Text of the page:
Up Your Whiteboard Game by Combining the Best of Analog and Digital

Trade show season is back. ISE is going on in Barcelona as I type, and Infocomm 2022 in Las Vegas is just 25 days away. This means that manufacturers, integrators and *gasp* end users are all converging to explore new partnerships and help people bridge the analog-to-digital gaps that have been isolated during the great remote-work experiment of 2020.

One of the areas of work that suffered during the last couple years is collaboration, and there are a multitude of hardware and software solutions that have been introduced to address this problem.

Cloud-based conferencing platforms like Zoom and Teams have whiteboard software options, platforms like T1V and Alleo allow people to create persistent workspaces, and there are now hundreds of interactive short-throw projectors and interactive whiteboard displays on the market.

But even with all of these options, some people still love their analog whiteboards — in fact, a lot of people do.

whiteboard

Given that, I thought I’d share three ways to up your analog whiteboard game in a hybrid world while still keeping your trusted markers.

Huddly Canvas — We’ve all seen people take pictures of a whiteboard after a creative meeting or brainstorming session, so why not stream your whiteboard to the meeting through a dedicated camera? This is the simple premise Huddly has embraced with its Huddly Canvas kit, which allows you to add a second camera to your meetings for whiteboarding. Sure, it’s simple — it’s essentially a webcam with a wall-mounted selfie stick — but sometimes keeping it simple is the answer.

Jabra Panacast 50 — Odds are you’re going to have a camera at the front of the room to capture meeting participants, so why not allow that camera to also capture your whiteboard? That is exactly what the Jabra Panacast 50 does. Its 180-degree field of view is created by stitching three separate camera views together, and one of those cameras can also capture a whiteboard in the room and display it as a full-screen feed. If the whiteboard is off-axis, Jabra can actually correct the aspect ratio and “square up the image” to keep it rectangular, full-sceen and distortion-free. Of course, the Panacast 50 also picks up and plays back audio through its multi-microphone array and built-in speakers.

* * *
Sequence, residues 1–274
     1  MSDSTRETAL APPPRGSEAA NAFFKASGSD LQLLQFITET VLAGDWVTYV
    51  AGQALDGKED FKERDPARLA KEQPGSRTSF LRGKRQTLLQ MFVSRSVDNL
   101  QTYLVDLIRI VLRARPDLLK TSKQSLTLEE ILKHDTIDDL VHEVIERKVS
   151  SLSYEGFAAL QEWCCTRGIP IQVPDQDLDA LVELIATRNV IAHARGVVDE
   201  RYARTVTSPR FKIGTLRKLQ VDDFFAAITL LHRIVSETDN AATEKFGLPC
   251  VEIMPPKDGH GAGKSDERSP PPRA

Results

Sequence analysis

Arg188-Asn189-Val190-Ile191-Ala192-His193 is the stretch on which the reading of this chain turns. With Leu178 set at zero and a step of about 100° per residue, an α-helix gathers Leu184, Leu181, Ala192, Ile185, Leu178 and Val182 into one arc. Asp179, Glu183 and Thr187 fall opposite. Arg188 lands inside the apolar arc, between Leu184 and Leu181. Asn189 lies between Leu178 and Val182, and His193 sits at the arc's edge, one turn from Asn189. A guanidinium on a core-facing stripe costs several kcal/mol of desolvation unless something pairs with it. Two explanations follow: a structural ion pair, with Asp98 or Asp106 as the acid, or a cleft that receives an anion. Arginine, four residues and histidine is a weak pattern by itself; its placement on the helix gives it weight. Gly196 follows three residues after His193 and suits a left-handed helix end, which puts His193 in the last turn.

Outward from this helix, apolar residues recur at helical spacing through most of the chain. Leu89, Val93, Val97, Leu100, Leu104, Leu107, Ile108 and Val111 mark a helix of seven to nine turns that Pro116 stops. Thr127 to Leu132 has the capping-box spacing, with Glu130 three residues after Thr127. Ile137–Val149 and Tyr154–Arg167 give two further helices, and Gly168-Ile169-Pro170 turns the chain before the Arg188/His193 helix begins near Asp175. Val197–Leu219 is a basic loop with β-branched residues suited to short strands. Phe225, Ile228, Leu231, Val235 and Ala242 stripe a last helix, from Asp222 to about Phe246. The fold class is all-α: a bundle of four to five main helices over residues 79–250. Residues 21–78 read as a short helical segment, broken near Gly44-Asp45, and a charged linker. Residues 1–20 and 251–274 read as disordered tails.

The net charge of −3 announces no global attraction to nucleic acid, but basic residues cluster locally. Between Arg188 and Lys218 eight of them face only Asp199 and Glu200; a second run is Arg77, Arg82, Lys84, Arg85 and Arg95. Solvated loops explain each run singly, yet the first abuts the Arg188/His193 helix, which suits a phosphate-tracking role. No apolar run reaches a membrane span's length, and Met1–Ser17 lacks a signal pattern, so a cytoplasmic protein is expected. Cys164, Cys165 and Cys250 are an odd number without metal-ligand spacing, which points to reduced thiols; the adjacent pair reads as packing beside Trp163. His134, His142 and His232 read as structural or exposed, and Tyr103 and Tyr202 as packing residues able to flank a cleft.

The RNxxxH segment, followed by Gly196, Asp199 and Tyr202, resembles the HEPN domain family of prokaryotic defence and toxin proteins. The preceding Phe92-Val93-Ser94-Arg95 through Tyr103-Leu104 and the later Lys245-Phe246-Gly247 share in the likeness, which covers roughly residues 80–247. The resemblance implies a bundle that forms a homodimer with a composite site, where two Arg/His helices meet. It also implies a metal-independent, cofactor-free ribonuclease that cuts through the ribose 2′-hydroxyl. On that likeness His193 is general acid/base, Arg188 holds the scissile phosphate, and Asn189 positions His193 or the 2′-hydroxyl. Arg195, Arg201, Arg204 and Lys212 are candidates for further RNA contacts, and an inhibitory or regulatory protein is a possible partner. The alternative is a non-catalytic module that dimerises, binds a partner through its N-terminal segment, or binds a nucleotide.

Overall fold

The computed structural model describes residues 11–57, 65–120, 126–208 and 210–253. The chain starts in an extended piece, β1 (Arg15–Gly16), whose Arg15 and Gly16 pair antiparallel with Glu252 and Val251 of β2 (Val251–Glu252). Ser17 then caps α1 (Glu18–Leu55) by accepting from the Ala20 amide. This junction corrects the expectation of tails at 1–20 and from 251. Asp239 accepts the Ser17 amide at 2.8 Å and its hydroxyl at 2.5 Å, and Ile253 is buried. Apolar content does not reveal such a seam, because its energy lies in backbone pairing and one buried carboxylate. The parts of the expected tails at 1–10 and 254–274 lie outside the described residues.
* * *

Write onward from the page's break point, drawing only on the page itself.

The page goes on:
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Sony’s Edge Analytics Appliance — If you’ve ever been frustrated with a presenter blocking your view of what’s written on the whiteboard, you’ll LOVE this product. Sony’s Edge Analytics appliance adds intelligence to your meetings system in myriad ways. One of those ways is through its handwriting extraction technology that brings anything written on the whiteboard forward as a separate layer. It’s almost as if the presenter is standing behind a piece of glass with the text written on it so that as they move and write, the existing text or diagrams stay fully visible and unobstructed. The appliance also can add auto-tracking, chroma-key, audience recognition and cropping to other cameras.

If collaboration is your goal, then you should definitely take a look at these products for your applications to combine the comfort of analog with the advantages of digital for your hybrid meetings. All three vendors will be at Infocomm 2022 at the Las Vegas Convention Center as well, so I’d encourage you to check them out for yourself. Their InfoComm booth numbers are below and are linked to the floorplan.

Huddly: W2903 

Jabra: W1529

Sony: N1513